Fishing – the art of sitting still…

fishing float

If you know me you’d be forgiven for thinking fishing isn’t exactly a past-time that would suit me…but oddly it does. I suppose as a kid it appeared on my radar due to the fact my father and a few other men in the little village we lived fished. So having received a starter rod and reel for Christmas and after much pestering from my brother and I, my father eventually agreed to take us. Okay…my first taste of fishing completely underwhelmed me – what a let down. To my mind the sneaky little buggers were far to hard to catch and I’d imagined it to be far easier and far more entertaining.

To be honest I was only ever entertained as a kid when day dreaming about flesh eating plants, or dungeons full of goblins and dragons. So fishing never really stood much of a chance. This was compounded by the fact when someone, in this case my father, does 90% of the task in hand you fail to appreciate or enjoy its finer points. Really that translates to most things. Simply put, if you do it yourself you enjoy what you’re done all the more.

I’m not entirely sure how long it was after the half dozen failed trips with my father before I dabbled in fishing again, but I’d guess it was a couple of years. However, this time I followed my brother. I suppose the failed trips were as much my fault for being the child equivalent of an unhinged springer spaniel, tongue lolling out the side of my mouth as I sped from one thing to the next, as it was my fathers. He wasn’t a good teacher and ADHD wasn’t even considered back then. Despite that I grew to enjoy fishing and having to do it for myself made my efforts all the more valuable. I suppose in some way it reinforced the idea that there is no point doing something unless you put effort into it. Actually, I say enjoy fishing but as a kid I loved it. The peacefulness and tranquillity really struck a chord with me and for once I could sit still and watch the morning unfold. To behold an early rising carp as it silently ascended out of the gloomy amber water like a wide eyed ghost, coupled with the mist as it crept across the surface was memorising.

I decided to take Luke fishing to see how he cope…how we’d cope. Catherine and myself are worried Luke is on the ADD/ADHD spectrum and while that isn’t an unsurmountable problem, we don’t want it to get in the way of his schooling. The other day wasn’t the first time Luke has been fishing but the last time was about a year and a half ago so I assumed most of what he’d picked up would have been pushed out by Minecraft or something or other. He did remember little bits and started brightly. However, after snagging the trees several times and almost getting thrown in to the pond Luke had a time out. After the time out had given him the chance to concentrate on the job at hand he was awesome. His casting improved massively and before long he looked every inch a pro. Out of all the six fish he caught he did everything himself: he baited up his hooks, untangled his snags and removed the hook from each of his fish.

Even when I hooked a 6 or 7lb carp Luke didn’t hesitate wanting to lend a hand. Under instruction Luke plunged the landing the into the water and tried scooping up the exhausted fish. For a moment things looked good and I imagined Luke smiling from ear to ear as he lifted the fish from the net. But no, that didn’t happen. To make matters worse on the cramped little fishing stint a small dog appeared at our feet seemingly interested in the commotion. In his urgency Luke swooped, bludgeoned the carp, tangle the tackle and snapped the line… Glory was gone in one final flick of its broad tail. Did I care? Not one bit. We were having fun and that’s all that matters.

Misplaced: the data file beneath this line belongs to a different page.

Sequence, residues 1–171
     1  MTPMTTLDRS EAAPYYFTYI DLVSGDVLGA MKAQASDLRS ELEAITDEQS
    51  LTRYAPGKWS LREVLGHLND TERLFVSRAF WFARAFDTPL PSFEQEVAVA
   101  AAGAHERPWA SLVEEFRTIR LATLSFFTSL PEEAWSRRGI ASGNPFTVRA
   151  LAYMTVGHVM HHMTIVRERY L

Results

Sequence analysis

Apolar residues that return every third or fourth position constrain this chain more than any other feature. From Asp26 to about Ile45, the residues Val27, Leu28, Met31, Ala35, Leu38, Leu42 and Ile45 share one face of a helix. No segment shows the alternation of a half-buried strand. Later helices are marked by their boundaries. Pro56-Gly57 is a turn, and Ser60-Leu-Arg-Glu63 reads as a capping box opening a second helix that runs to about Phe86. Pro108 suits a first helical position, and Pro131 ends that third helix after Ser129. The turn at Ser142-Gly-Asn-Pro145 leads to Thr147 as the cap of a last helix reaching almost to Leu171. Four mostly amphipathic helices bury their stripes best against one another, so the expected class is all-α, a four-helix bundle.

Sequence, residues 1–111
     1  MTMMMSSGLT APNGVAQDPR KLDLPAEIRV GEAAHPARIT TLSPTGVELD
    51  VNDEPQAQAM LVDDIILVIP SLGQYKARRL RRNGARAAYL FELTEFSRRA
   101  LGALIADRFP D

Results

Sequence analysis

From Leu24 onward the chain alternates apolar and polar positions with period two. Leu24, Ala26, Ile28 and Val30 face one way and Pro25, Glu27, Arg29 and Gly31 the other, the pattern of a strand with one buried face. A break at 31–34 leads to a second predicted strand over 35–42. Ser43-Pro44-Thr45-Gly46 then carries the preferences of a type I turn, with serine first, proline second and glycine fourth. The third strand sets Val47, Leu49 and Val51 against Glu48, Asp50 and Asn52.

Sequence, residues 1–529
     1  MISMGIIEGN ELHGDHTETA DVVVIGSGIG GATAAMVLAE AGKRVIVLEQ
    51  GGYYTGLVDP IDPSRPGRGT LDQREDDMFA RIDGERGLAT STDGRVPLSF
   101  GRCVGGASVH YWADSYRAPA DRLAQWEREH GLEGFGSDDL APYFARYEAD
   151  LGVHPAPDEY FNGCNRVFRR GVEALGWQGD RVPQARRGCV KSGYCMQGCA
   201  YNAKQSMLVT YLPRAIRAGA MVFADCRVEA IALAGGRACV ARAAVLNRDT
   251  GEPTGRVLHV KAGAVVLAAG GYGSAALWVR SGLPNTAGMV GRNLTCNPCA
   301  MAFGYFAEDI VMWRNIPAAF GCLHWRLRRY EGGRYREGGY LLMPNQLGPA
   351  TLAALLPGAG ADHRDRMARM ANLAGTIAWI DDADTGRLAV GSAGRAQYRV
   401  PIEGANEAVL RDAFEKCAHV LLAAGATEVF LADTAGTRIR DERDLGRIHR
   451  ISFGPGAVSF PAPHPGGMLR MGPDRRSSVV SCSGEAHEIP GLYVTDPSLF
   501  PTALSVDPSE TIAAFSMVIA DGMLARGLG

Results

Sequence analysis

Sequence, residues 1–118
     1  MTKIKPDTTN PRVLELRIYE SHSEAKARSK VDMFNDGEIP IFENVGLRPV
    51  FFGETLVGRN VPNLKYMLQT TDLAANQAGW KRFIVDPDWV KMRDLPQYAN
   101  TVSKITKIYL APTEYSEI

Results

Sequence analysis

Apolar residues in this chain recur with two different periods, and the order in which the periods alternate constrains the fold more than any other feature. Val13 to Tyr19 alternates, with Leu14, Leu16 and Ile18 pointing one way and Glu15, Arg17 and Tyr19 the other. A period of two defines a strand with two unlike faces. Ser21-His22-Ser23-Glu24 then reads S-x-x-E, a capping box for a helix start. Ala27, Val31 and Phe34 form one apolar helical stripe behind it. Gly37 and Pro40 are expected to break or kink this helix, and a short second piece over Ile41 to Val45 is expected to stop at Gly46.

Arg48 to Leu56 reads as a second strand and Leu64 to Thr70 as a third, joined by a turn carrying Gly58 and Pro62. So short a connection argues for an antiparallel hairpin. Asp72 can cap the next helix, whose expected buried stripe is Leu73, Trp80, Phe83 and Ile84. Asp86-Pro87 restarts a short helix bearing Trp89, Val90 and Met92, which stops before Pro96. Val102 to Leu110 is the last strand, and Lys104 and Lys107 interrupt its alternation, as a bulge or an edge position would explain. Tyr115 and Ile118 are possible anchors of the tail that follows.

Luke won the fish off 6 gudgeon to 3 gudgeon and 2 roach. We’ll not mention the carp.

What-proof-rich-tea Biscuits, WTF!!

rich-tea

Right, I feel the need to warn you as this part of the post might wander a little…

About a year or so ago I was unlucky enough to pick up salmonella while out with friends. As if the subsequent 8 hours of projectile vomiting, five days of feeling awful and time spent on the toilet wasn’t enough, I managed to knock out a crown when I accidently head-butted the tap. Not my best moment. The after effects of this bout of food poisoning came in the guise of a new intolerance to gluten. Mother fu…. I love bread and pasta…not to mention dunking biscuits!

My sister in law told me Lorcan, my brother in law, had picked up a stomach bug that left him with similar symptoms to mine, but after a visit to the doctors and a subsequent antibiotic course, he made a full recovery. So, off to the doctors, yeah? No, I’m not one for visiting the doctors often – even when I should. Instead my wife, who is a nurse, came home from work where a colleague of hers is currently doing an assignment on food allergies and mentioned a supplement designed to help the gut recover from infections and other such nasty stuff. So I’ve been taking one of those tablets every day. It turns out while my intolerance has lessened; I’m still not able to eat white bread. I am, however, able to eat biscuits it seems!!

While testing out to see if I could manage a biscuit (or twelve) I reached for the packet of rich tea in the cupboard gathering dust. Who’d have thought The Belmont Biscuit company not only make their product using ‘No artificial colours, flavourings or preservatives’ but that also make the buggers from water proof flour!! I mean come on. You just can’t dunk one of those. Dunking is all in the wrist. You submerge a tester for a few seconds and when you see tea being draw up from the cup, you know it’s done. Theses biscuits refuse to act accordingly. As a result you’re left with either a cup of sludge or a still crunchy morsel! Unacceptable!

Matt..

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